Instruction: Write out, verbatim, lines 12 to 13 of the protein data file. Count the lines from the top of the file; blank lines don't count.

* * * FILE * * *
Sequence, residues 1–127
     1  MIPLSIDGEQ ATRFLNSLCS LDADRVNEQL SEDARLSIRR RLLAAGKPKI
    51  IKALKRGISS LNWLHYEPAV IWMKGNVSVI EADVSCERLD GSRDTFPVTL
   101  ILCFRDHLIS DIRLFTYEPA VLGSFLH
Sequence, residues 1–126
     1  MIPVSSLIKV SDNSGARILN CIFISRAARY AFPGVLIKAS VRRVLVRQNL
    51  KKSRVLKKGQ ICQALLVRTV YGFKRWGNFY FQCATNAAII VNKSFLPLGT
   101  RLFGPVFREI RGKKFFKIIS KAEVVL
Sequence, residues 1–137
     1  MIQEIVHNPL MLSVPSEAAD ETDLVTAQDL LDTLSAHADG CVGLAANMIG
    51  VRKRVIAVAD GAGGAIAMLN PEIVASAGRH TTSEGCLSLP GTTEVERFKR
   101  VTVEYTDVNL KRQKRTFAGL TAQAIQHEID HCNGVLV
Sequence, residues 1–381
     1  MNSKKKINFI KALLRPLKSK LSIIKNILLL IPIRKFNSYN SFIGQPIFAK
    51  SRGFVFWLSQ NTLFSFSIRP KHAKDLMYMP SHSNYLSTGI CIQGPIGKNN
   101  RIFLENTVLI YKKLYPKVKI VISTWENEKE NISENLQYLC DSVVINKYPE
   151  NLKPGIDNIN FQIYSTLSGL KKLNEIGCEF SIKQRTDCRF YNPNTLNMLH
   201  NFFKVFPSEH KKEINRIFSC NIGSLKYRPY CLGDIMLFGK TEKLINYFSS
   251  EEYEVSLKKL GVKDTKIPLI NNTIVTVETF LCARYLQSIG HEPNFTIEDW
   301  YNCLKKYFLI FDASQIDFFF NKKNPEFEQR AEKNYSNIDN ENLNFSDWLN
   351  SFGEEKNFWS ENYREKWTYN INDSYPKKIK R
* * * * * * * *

   101  VTVEYTDVNL KRQKRTFAGL TAQAIQHEID HCNGVLV
Sequence, residues 1–381